One of the mysteries of the English language finally explained.
An ancient Roman liquid measure of one eighth of an amphora, equal in modern terms to about 6.4 pints (3.6 liters).
- ‘In the nineteenth century, the congius was used in British medicine and pharmacology as a name for the British Imperial gallon.’
- ‘Some amphoras seem to be multiples of the choe, equivalent to the Roman congius.’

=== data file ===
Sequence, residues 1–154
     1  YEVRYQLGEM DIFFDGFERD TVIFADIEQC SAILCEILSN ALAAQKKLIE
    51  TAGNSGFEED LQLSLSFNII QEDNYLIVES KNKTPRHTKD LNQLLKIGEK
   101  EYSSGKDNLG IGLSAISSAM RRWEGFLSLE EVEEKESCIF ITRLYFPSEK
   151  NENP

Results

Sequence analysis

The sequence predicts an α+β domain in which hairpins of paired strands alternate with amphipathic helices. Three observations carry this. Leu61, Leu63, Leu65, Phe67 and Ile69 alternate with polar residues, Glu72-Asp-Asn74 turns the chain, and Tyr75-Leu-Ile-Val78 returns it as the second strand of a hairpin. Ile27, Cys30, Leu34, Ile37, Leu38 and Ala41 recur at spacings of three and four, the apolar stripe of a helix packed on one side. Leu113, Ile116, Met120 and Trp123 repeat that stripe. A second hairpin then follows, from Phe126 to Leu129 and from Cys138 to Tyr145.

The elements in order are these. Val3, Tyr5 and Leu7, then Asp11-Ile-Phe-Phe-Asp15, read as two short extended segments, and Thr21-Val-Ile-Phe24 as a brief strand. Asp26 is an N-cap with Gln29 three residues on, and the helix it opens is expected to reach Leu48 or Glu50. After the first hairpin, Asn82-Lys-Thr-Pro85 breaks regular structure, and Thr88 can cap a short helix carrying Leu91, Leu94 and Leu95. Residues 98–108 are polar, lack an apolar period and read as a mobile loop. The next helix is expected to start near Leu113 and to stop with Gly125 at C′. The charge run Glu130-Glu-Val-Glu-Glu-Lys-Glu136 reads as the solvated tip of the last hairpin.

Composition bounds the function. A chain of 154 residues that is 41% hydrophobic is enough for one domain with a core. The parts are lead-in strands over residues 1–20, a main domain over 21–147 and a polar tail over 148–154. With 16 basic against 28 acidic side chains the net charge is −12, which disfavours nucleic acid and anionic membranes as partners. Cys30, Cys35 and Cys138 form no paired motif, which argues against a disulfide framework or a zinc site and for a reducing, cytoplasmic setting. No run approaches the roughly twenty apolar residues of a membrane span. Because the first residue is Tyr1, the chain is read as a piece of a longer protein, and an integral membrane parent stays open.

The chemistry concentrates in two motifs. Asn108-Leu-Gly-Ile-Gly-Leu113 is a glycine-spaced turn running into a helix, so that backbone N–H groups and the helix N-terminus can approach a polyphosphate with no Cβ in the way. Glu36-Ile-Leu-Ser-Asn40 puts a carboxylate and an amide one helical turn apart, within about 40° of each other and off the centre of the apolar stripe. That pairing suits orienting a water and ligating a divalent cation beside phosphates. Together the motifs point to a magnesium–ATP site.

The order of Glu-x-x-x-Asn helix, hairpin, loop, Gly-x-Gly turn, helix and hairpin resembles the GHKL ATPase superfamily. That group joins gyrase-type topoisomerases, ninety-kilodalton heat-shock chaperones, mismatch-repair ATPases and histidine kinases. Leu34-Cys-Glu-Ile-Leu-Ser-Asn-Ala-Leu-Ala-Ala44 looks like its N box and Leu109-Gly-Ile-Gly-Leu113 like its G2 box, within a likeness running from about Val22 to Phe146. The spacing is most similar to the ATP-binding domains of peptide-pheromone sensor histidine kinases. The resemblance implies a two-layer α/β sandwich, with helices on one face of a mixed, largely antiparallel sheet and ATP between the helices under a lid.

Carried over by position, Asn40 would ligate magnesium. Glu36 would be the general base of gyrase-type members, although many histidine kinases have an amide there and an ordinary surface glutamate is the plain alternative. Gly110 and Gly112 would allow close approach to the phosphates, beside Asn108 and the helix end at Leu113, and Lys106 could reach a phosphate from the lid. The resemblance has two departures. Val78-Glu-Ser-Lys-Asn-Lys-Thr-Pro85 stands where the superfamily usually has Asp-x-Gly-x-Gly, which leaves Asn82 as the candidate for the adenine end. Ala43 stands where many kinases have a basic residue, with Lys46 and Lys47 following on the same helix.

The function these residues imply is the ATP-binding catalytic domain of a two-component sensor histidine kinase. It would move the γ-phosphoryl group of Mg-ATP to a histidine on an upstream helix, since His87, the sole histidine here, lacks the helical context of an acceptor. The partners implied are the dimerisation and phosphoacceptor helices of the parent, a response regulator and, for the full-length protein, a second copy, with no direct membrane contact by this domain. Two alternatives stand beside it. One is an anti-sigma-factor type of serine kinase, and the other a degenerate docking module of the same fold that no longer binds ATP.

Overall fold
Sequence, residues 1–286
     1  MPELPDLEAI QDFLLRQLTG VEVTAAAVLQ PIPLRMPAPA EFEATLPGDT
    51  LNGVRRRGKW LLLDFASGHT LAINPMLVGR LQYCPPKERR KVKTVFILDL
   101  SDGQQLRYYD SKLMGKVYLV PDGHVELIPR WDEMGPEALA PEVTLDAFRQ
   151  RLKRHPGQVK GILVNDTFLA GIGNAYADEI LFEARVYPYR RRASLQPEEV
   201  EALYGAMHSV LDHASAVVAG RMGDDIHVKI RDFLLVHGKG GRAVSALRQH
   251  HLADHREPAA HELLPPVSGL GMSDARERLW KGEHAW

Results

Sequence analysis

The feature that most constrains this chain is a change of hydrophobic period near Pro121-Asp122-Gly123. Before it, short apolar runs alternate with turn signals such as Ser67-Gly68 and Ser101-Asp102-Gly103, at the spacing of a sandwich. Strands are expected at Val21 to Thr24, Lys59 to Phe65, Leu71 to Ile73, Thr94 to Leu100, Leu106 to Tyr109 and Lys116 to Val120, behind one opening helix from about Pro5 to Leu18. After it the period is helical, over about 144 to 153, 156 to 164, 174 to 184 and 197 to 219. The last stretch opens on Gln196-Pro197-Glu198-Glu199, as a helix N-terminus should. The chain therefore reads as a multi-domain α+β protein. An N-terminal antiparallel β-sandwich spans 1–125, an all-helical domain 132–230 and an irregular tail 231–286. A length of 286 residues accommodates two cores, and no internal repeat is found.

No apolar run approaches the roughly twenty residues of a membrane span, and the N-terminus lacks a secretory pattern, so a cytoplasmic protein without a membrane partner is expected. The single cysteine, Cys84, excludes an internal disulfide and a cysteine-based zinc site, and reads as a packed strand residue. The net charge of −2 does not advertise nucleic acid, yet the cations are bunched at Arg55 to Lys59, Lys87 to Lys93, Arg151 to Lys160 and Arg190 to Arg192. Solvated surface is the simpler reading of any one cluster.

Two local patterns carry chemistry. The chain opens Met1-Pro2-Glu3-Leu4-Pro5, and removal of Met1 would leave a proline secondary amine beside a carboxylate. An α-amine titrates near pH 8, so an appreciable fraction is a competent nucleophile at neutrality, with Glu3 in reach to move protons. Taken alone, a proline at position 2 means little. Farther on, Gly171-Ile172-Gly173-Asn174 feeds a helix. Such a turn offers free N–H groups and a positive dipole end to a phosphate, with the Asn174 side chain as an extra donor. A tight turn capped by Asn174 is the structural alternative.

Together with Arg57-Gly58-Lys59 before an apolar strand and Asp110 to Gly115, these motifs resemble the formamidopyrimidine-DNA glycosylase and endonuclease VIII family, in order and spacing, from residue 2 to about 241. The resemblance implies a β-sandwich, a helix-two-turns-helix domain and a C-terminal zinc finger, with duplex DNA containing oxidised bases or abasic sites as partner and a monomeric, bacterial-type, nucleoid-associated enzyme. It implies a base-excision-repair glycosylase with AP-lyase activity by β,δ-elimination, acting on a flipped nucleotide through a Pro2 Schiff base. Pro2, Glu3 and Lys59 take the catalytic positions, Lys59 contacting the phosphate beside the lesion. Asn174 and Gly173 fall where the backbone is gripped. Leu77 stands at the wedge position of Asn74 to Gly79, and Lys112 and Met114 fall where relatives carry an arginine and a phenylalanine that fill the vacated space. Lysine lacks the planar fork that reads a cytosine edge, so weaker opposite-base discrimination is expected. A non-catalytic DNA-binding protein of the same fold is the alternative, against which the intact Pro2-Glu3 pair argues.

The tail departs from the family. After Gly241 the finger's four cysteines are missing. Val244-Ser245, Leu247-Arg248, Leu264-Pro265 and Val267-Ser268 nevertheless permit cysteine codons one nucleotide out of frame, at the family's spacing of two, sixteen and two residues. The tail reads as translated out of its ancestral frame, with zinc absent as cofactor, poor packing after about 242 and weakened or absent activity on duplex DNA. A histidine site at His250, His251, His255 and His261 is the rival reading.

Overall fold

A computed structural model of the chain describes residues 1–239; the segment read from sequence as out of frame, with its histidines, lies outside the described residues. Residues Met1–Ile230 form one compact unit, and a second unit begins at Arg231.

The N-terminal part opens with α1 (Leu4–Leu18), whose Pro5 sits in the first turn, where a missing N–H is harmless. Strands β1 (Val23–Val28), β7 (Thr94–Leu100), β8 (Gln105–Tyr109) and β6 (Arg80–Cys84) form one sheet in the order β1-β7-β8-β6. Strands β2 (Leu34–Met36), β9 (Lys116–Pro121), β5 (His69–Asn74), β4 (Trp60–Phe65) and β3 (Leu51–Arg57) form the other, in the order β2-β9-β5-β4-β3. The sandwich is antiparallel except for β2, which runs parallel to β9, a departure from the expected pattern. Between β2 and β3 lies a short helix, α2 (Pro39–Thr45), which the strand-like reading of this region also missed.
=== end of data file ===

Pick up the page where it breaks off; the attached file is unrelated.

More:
- ‘But just when I thought it was going to get good and circular it turns out that a congius is roughly equal to six pints, and so a sextarius is one pint.’
- ‘During the fifth, sixth, seventh, and eighth months let them have a sextarius [about a pint] per day or five congii per month.’
- ‘In Roman times the amphora was used as a unit of liquid measure containing 2 urnae, 8 congii, or 48 sextarii (the latter, equivalent to a pint).’
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